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iHeartRadio adds Spotify-like personalized playlists

July 30, 2018 — by Engadget.com0

iHeartRadio

iHeartRadio announced today that it’s adding a new playlist for users to stream — a weekly updated selection of tunes based on what you listen to. Your Weekly Mixtape will be refreshed every Monday and will include 30 to 75 songs chosen for you based on the stations and artists you listen to and the tracks you give a thumbs up. It sounds an awful lot like Spotify’s Discover Weekly, even down to the day it’s released. But iHeartRadio’s chief product officer, Chris Williams, told CNET that there is a difference between the two.

Whereas Spotify’s weekly playlist is more about finding users new music they might enjoy, Williams notes, he says that iHeartRadio’s curated playlist is about giving users a selection of songs they know and love. “We want to make sure they’re getting a playlist they can sing along to,” he said. However, the company says the playlist will also include both new releases and trending music a user might like.

Earlier this year, iHeartRadio opened up its activity-, era- and genre-based playlists to all users. And it’s not the only streaming service to offer a Discover Weekly-like playlist. Pandora announced its version in March while Apple Music has a handful of personalized playlists for users to choose from as well. Spotify’s personalized lists also include its Daily Mixes, Your Time Capsule and Your Summer Rewind.

iHeartRadio’s Your Weekly Mixtape is rolling out to all users, paid and free, now. You can find yours through the “For You” tab on the iHeartRadio website or the “Your Library” section of the iOS and Android apps.

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Apple Music documentary chronicles the making of Kesha's ‘Rainbow’

July 30, 2018 — by Engadget.com0

LISA O’CONNOR via Getty Images

Next month will mark the one-year anniversary of the release of Kesha’s Rainbow, an album that confronts deep pain, features “spine-shivering feats” as Billboard noted and includes what Rolling Stone called the “best music of her career.” On August 10th, Apple Music will celebrate the album and the woman behind it with a documentary about Kesha and the making of Rainbow. Rainbow – The Film includes never-before-seen footage of Kesha performances, the writing and recording of Rainbow and “psychedelic vignettes” that depict the artist’s struggles and inner demons.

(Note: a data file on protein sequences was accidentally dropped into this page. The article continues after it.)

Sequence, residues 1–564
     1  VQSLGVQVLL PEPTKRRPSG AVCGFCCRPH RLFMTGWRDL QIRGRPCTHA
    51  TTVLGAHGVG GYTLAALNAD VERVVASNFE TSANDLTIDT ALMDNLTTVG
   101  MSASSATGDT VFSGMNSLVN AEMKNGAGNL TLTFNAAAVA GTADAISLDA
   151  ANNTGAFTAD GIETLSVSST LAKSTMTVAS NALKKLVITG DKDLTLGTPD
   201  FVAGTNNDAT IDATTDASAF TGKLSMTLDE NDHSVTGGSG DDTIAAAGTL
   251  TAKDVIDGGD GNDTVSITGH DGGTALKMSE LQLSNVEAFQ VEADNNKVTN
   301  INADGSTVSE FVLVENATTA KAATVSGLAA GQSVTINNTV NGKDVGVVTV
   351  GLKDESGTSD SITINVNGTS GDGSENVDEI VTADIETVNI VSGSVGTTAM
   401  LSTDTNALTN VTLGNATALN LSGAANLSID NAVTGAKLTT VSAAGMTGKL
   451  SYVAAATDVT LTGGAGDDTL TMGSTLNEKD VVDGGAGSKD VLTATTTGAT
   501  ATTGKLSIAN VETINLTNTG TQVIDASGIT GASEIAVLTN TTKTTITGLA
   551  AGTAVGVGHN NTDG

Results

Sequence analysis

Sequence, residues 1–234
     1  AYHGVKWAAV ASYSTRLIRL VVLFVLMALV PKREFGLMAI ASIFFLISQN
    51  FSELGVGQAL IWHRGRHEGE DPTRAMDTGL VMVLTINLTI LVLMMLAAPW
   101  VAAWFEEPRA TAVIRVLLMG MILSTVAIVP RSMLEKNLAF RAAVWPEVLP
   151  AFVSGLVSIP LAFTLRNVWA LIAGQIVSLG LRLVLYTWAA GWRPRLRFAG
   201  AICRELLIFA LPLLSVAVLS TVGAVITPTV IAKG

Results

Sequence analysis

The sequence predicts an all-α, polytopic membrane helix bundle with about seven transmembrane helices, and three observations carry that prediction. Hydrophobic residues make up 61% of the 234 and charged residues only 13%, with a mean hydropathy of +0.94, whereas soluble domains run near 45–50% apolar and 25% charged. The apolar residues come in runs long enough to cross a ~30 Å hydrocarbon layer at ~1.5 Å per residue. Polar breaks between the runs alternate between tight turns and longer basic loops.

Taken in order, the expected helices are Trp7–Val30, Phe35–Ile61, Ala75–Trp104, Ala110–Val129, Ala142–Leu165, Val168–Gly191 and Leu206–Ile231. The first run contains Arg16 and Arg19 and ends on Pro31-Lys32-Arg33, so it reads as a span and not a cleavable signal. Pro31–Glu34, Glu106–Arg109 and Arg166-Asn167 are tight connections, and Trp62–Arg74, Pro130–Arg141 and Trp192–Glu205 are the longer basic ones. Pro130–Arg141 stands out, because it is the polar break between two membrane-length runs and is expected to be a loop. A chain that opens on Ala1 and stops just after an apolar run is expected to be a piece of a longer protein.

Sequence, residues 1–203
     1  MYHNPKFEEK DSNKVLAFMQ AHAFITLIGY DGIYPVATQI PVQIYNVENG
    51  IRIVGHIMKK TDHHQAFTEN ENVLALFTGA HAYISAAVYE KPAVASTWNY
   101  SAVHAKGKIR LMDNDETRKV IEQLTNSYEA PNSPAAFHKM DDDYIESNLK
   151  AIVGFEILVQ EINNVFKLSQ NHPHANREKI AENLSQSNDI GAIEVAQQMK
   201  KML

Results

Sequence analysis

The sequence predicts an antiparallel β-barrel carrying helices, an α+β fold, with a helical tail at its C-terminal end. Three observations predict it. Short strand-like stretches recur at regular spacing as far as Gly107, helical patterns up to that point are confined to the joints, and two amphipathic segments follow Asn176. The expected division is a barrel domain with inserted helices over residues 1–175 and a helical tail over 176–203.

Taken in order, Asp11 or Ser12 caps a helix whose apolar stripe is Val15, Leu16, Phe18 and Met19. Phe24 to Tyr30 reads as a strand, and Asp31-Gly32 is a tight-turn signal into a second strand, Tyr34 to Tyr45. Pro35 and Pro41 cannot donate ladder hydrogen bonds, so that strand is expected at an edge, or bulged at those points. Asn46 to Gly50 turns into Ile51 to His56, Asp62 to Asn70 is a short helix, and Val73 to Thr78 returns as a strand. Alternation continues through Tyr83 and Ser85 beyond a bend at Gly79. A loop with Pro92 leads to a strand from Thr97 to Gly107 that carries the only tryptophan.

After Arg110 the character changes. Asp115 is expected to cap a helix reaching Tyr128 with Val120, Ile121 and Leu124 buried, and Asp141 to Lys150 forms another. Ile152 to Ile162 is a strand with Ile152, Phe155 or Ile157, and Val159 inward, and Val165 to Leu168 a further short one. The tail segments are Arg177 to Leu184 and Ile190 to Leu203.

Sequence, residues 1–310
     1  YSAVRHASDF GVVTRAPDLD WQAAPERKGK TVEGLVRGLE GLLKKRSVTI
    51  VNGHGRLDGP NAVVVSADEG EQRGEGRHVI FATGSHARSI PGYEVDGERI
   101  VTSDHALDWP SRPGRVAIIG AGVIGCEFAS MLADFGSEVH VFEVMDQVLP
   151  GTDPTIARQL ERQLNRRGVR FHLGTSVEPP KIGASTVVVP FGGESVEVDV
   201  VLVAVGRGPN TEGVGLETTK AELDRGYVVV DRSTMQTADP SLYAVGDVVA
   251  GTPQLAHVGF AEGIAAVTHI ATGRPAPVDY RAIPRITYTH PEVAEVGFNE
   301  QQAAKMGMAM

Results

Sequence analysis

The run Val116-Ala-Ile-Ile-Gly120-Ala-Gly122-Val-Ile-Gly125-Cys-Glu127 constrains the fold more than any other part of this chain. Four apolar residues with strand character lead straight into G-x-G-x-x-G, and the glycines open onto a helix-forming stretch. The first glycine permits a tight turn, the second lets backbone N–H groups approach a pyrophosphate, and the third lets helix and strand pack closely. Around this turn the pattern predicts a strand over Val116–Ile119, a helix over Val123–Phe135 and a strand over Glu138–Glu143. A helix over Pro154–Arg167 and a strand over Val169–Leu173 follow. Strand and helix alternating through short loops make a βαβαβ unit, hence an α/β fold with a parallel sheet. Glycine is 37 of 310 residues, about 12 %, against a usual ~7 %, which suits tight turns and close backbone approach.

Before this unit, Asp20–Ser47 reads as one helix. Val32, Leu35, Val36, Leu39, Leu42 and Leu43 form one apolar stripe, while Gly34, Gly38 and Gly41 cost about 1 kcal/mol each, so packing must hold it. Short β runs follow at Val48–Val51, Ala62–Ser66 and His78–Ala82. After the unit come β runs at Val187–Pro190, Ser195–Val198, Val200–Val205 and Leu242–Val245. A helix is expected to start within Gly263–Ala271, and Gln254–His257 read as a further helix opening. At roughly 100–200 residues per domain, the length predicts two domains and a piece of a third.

“Making Rainbow the album was such a therapeutic process and given the opportunity to turn it into a three dimensional piece of art has helped me find even deeper healing and catharsis,” Kesha said in a statement. “I hope this film inspires others to never give up even if you feel full of hurt or lost, because after the storm comes a rainbow. Depression, anxiety and mental illness are things we all need to talk about more, and there is no shame in asking for help. Making the decision to work on yourself is the bravest thing you can do. I hope this film helps bring light and love to everyone.”

This is the latest addition to Apple Music’s growing list of documentaries, which include subjects like Major Lazer, Pink, Clive Davis, Cash Money and Harry Styles’ hair.

Rainbow – The Film will be available exclusively through Apple Music. You can check out the trailer below.

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Tech News

AirPlay 2 makes Sonos the best audio option for most iPhone owners

July 11, 2018 — by Engadget.com0

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For a long time, Sonos was only capable of streaming music to its speakers through a proprietary app, but that’s changed in the last few years. After working with music services like Spotify and Pandora, users can stay in those apps and stream music straight to your Sonos setup. That hasn’t been the case if you’re an Apple Music user, until now: as of today, Sonos supports Apple’s AirPlay 2 protocol. After spending a week or so testing out a beta version of the software, I can say that pretty much all Sonos owners who use iOS devices will get a lot out of this update.

If you’re using an iPhone or iPad, you can now go to Apple Music, start playing an album or playlist, tap the AirPlay button and pick which speakers you want to stream your music to. From the AirPlay interface, you’ll be able to see any compatible Sonos speakers, as well as any other speakers in your setup that support AirPlay 2 (like Apple’s own HomePod, for example). You can shoot music to whatever speakers you want; you can also adjust the volume for each individual speaker as well as the group. This means you can have a multi-room audio setup with a mix of speakers, not just ones from Sonos.

If you’re not an Apple Music user, you’ll still likely get some benefit from the AirPlay 2 update. Pretty much any music app on iOS that supports AirPlay will work with these new features. I’ve tested it with Spotify, Google Play Music, YouTube Music and Pandora, and it works just as well there as it does with Apple’s own music app. For many, this means you won’t have to use the Sonos app at all aside for setup and software updates

AirPlay 2 support also means that Apple Music users can now control their tunes with their voice, thanks to Siri. Sonos’ speakers don’t support Siri directly; they’re Alexa-only for the moment. But, you can speak to your phone or iPad and tell it to play the music of your choice.

You can also use your voice to control on which speaker(s) the music will play. First, you’ll need to set up Sonos speakers in the iOS Home app; once you give them a name identifying what room they’re in, you can tell Siri to play a song or album in a specific room. Or you can just say “play everywhere” to get all your speakers in sync. After that, you can say “stop playing in the living room” to turn off a speaker while letting tunes continue elsewhere.

One of the nice things about AirPlay 2 and Sonos is that once you’ve kicked off music with Siri, you can then use Alexa on your compatible Sonos speakers to control music from there. You can skip tracks, adjust volume, and control which speakers are playing. It’s a little weird to jump between